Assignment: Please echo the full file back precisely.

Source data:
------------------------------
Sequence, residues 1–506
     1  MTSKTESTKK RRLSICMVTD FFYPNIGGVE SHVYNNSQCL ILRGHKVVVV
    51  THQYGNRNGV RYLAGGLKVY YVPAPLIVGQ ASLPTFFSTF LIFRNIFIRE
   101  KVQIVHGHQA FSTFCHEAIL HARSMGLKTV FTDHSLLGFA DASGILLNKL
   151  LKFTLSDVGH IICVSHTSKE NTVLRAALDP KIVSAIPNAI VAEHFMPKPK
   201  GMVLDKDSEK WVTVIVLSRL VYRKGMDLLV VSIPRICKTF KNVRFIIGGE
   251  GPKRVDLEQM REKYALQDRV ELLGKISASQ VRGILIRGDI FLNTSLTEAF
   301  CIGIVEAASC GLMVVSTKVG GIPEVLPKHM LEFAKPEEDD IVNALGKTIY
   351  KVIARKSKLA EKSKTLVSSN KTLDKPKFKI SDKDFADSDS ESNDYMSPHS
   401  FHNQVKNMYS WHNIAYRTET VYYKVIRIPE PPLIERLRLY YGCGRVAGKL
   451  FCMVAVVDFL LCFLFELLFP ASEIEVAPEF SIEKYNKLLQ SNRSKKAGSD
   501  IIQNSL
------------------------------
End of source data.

Sequence, residues 1–506
     1  MTSKTESTKK RRLSICMVTD FFYPNIGGVE SHVYNNSQCL ILRGHKVVVV
    51  THQYGNRNGV RYLAGGLKVY YVPAPLIVGQ ASLPTFFSTF LIFRNIFIRE
   101  KVQIVHGHQA FSTFCHEAIL HARSMGLKTV FTDHSLLGFA DASGILLNKL
   151  LKFTLSDVGH IICVSHTSKE NTVLRAALDP KIVSAIPNAI VAEHFMPKPK
   201  GMVLDKDSEK WVTVIVLSRL VYRKGMDLLV VSIPRICKTF KNVRFIIGGE
   251  GPKRVDLEQM REKYALQDRV ELLGKISASQ VRGILIRGDI FLNTSLTEAF
   301  CIGIVEAASC GLMVVSTKVG GIPEVLPKHM LEFAKPEEDD IVNALGKTIY
   351  KVIARKSKLA EKSKTLVSSN KTLDKPKFKI SDKDFADSDS ESNDYMSPHS
   401  FHNQVKNMYS WHNIAYRTET VYYKVIRIPE PPLIERLRLY YGCGRVAGKL
   451  FCMVAVVDFL LCFLFELLFP ASEIEVAPEF SIEKYNKLLQ SNRSKKAGSD
   501  IIQNSL